Andrew Natsios, chief of the U.S. Agency for International Development, has resigned.
Let’s take a moment to reflect on one of Natsios’s most famous miscalculations:
TED KOPPEL: I mean, when you talk about 1.7, you’re not suggesting that the rebuilding of Iraq is gonna be done for $1.7 billion?
NATSIOS: Well, in terms of the American taxpayers contribution, I do, this is it for the US.
KOPPEL: You’re saying the, the top cost for the US taxpayer will be $1.7 billion. No more than that?
NATSIOS: For the reconstruction. And then there’s 700 million in the supplemental budget for humanitarian relief, which we don’t competitively bid ’cause it’s charities that get that money.
KOPPEL: I understand. But as far as reconstruction goes, the American taxpayer will not be hit for more than $1.7 billion no matter how long the process takes?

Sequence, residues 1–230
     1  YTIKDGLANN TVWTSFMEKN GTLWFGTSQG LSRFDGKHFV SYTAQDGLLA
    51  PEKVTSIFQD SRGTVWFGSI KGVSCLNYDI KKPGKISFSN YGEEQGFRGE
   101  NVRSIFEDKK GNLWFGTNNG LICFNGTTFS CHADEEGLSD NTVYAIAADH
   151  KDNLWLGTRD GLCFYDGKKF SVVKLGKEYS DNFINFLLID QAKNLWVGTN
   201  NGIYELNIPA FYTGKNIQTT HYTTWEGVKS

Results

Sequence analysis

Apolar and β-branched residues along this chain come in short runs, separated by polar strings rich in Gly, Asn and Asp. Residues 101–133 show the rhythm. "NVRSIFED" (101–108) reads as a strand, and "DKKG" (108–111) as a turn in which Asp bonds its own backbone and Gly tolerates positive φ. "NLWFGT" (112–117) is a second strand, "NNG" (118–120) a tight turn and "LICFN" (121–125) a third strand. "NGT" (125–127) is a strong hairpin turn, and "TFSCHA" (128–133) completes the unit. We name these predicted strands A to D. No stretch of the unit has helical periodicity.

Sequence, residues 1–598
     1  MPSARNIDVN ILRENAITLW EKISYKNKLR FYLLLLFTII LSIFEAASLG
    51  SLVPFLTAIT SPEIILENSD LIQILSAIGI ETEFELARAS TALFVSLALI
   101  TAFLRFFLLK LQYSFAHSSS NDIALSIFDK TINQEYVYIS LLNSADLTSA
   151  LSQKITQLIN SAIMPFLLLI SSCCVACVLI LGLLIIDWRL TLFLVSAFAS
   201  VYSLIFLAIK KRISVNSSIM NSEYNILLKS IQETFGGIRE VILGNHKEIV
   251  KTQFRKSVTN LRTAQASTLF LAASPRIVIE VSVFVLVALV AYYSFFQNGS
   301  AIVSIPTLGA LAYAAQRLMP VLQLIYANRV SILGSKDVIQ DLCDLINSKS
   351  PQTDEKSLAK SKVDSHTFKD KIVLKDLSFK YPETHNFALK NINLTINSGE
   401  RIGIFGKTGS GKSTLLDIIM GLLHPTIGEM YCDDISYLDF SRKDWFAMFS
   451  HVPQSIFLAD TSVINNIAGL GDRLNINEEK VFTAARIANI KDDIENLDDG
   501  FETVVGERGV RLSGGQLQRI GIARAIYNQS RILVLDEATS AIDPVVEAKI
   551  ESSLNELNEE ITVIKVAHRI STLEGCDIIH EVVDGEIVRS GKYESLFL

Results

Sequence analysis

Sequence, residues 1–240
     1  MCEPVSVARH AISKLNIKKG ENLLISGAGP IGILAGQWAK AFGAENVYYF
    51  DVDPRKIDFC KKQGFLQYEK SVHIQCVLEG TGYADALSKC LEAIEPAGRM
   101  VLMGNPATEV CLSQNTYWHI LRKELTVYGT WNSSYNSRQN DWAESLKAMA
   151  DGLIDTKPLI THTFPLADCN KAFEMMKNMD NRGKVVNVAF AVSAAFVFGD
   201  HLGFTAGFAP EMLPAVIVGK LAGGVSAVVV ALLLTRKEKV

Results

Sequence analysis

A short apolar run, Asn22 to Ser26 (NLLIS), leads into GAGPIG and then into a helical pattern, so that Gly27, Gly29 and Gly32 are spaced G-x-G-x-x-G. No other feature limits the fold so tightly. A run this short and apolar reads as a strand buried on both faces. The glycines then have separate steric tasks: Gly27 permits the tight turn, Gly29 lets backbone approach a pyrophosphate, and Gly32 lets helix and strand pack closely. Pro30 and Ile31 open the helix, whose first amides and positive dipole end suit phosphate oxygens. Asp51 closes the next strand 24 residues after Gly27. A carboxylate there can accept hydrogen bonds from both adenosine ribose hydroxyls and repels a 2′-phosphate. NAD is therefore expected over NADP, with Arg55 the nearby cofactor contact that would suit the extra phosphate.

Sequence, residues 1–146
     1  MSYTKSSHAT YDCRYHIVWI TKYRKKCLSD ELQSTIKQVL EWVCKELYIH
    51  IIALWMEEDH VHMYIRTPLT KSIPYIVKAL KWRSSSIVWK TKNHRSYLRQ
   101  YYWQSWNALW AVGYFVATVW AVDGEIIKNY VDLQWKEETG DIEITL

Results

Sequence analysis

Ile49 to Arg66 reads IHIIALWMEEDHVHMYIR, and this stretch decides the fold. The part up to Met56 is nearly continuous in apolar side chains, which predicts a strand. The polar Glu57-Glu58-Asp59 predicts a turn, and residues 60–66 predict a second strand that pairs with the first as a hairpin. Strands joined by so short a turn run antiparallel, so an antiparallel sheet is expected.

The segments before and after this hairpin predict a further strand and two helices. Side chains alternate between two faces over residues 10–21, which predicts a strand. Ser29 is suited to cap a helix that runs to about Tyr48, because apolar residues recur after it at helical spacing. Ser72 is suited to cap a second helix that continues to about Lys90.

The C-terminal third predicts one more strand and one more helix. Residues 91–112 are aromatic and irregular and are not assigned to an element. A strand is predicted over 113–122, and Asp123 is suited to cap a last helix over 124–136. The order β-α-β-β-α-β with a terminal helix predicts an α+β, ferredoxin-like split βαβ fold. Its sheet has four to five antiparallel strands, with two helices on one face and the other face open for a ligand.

NATSIOS: That is our plan and that is our intention. And these figures, outlandish figures I’ve seen, I have to say, there’s a little bit of hoopla involved in this. [ABC, Nightline, 4/23/03]
See video of the exchange here.
A few months after the war began, Congress apporpriated $18.4 billion for the reconstruction of Iraq. Approximately $10.5 billion has already been obligated. The United Nations and World Bank have estimated $55 billion would be needed in rebuilding costs through 2007. And the CBO has estimated the reconstruction of Iraq could range anywhere from $50 to $100 billion.
President Bush, give that man a medal.